In total shock all I could do was smile at the curious faces shyly smiling at me. A boy throwing a ruler at another students head brought me to reality however and I began my day by telling them about myself and where I came from. (Andrew soon returned) It was very hard for them to say my name, so they were supposed to call me ‘Miss’ but I was mostly known as “Teacher’. ‘Teacher, Teacher, here! Me Teacher!” I can’t say I miss being shouted at! One of their favourite questions for me was “How many Fiji’s in Scotland?” Each time I told them, none that I was aware, they would be deeply disappointed!
It was an overwhelming start and I know a lot of people have and would find it very hard to work with these children, but the bond I formed with my class is unbreakable. Every single one of my pupils are beautiful and entirely unique. I have never ever done something so rewarding.
A typical day at the school for me was a 9am start; maths with them until 10:15. Then there would be recess for 15 minutes, where I’d be outside melting and burning in the sun and meeting the other students, playing games with them. ‘Picture time’ was always a whole school favourite. After those 15 minutes, I would have my coffee and whichever snack had been prepared that morning and joined the kind of ‘staff meeting’ with the other teachers. After recess finished, was English. During this lesson I would first do what Andrew had requested and then for those who were more capable, do something a little different. Sometimes I also did a bit of art with them. They enjoyed that a lot.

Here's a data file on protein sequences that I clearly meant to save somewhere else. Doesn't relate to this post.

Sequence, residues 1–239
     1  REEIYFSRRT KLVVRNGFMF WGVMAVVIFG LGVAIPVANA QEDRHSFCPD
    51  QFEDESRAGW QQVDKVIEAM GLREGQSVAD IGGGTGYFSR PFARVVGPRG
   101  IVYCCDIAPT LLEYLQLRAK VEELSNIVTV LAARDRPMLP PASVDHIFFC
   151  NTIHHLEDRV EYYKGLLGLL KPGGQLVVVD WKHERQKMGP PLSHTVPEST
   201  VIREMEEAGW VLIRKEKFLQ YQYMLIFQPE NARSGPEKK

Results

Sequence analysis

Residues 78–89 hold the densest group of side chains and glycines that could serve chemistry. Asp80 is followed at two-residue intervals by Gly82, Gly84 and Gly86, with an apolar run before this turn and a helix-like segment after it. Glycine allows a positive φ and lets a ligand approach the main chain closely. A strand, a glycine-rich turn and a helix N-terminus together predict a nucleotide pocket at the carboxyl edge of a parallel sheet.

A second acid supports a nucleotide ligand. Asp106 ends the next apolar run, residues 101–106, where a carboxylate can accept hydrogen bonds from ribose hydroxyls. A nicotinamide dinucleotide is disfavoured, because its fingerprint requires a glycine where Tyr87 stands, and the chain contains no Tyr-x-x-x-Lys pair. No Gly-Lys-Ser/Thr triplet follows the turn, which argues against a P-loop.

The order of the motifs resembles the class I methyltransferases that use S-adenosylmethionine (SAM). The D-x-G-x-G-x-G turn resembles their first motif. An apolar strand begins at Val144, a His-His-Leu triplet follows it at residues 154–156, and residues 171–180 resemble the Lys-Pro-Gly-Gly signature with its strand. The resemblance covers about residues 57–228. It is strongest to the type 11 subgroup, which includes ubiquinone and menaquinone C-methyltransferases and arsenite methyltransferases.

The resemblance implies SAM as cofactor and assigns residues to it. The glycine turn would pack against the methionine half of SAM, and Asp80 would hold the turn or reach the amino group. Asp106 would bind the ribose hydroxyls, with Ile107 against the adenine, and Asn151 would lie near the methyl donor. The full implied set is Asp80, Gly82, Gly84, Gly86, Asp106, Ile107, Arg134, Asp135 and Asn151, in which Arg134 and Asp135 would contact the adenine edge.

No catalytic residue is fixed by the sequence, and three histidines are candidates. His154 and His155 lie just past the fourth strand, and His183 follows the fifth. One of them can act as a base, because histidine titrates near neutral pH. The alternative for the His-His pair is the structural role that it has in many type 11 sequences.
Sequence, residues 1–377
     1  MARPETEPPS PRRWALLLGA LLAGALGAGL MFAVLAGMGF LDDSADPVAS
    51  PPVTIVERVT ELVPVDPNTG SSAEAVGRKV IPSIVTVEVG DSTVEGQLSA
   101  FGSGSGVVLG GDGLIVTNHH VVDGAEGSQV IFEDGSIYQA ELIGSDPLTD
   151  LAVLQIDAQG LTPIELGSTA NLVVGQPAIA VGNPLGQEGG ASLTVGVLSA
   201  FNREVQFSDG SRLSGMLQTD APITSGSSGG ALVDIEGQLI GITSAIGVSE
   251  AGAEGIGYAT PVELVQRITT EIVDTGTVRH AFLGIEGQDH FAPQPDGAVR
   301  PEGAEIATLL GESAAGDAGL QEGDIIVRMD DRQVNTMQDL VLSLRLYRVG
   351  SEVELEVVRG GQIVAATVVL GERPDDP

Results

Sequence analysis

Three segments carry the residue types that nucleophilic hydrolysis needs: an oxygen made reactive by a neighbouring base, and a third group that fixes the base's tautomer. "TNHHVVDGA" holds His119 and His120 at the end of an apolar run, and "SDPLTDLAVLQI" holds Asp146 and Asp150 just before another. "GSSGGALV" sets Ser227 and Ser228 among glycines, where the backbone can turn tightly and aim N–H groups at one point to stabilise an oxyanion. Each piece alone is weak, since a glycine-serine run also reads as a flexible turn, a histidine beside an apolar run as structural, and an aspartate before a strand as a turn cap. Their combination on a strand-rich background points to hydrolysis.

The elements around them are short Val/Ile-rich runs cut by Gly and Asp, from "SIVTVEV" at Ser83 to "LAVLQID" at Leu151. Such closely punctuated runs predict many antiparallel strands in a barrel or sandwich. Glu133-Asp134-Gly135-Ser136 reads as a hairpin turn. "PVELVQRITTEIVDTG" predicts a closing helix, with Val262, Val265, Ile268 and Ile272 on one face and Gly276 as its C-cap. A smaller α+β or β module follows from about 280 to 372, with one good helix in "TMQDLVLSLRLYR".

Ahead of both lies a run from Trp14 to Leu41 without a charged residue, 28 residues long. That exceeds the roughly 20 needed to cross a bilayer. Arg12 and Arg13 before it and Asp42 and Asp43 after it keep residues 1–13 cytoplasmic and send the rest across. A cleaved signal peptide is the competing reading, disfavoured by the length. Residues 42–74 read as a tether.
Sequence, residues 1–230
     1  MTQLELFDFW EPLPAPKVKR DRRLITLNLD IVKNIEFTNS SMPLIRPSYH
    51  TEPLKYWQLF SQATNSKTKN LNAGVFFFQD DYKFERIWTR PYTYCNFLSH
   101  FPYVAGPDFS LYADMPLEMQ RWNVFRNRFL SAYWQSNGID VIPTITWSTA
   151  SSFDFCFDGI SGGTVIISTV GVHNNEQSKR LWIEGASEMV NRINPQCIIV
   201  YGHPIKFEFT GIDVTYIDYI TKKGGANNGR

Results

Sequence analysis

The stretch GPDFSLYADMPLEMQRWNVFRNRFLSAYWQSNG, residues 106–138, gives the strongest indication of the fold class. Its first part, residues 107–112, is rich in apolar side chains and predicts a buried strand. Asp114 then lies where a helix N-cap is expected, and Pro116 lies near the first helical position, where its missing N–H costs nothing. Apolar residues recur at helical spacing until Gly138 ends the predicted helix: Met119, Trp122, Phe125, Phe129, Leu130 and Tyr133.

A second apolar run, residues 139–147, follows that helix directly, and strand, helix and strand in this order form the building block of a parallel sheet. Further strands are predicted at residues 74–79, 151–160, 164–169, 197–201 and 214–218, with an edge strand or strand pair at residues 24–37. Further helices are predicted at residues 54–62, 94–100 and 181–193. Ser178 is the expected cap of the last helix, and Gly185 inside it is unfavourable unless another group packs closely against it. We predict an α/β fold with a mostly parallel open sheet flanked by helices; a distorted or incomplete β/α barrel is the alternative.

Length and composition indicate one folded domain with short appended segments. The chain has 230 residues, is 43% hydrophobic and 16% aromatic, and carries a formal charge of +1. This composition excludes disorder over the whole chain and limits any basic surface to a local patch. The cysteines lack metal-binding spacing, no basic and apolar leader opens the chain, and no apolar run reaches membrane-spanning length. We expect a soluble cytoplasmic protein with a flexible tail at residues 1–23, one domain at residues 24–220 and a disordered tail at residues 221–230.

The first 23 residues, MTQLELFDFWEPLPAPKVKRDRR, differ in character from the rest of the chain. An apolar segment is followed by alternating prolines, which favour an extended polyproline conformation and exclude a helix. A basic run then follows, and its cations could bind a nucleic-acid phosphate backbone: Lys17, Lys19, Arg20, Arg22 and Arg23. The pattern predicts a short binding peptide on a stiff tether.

At lunch; 12:30, I was free to go or stay, which some afternoons I did, others I would rather go home and relax or spend it with family and friends. Lots of events happened during my placement there; we had a ‘Go Green Mission’, which the older students participated in, picking up rubbish and putting it into separate bags for recycling. We also had Sports Day, which was sponsored by McDonalds for all the Special Needs Schools on the West Coast. It was a bit unorganised, started about three hours later then it was supposed too but it was great fun, as always people were on ‘Fiji time’! (a nice excuse for laziness!) At the end of term we also had a big party at the Fiji Hardrock Cafe, sponsored by ‘Jacks’. It was full of dancing, games, and lots of food and lots of fun! The kids have made me grow so much in myself; I owe them a lot. I wish and hope that I will see them all again one day in the near future.
As for my free time and exploring, there was almost too much to choose from. Due to the lovely big bunch of volunteers, there was never anybody short to go and do something with either. I only went on one island trip to Monoriki (the Castaway Island) and that was my taster of the “tourist” side of Fiji. I also went to Lautoka to watch the 7th Harry Potter! I very quickly made lots of local friends, and I rather spent my time with them, drinking the local Kava, making music and learning about their culture.
Four months later and not a single day goes by where I don’t think about every single person I met in Fiji and the impact they had on me without me even realising. This experience has changed me as person, the best experience in my life by far! I completely fell in Love with the Country. Leaving Fiji was very hard for me; it was like being forced to leave a piece of me behind. The Fiji Islands are my home!
I want to say a big VINAKA VAKA LEVU to my Indi/Fijian family, all my foreign and local friends and to all the local Projects Abroad staff; and also Nadi Airport school, for the awesome week of summer school I participated in. Also a big, grateful and forever in dept VINAKA VAKA LEVU to the Nadi Centre for Special Education for everything you’ve done for me, you have no idea how grateful I am.
Last but not least a separate big grateful VINAKA VAKA LEVU goes to Anne Buglass for being such a brilliant Assistant Manager, you were great to be around, super helpful and heaps of fun, without your support it would of been much harder, so thank you m’dear!
FOR FIJI, EVER FIJI!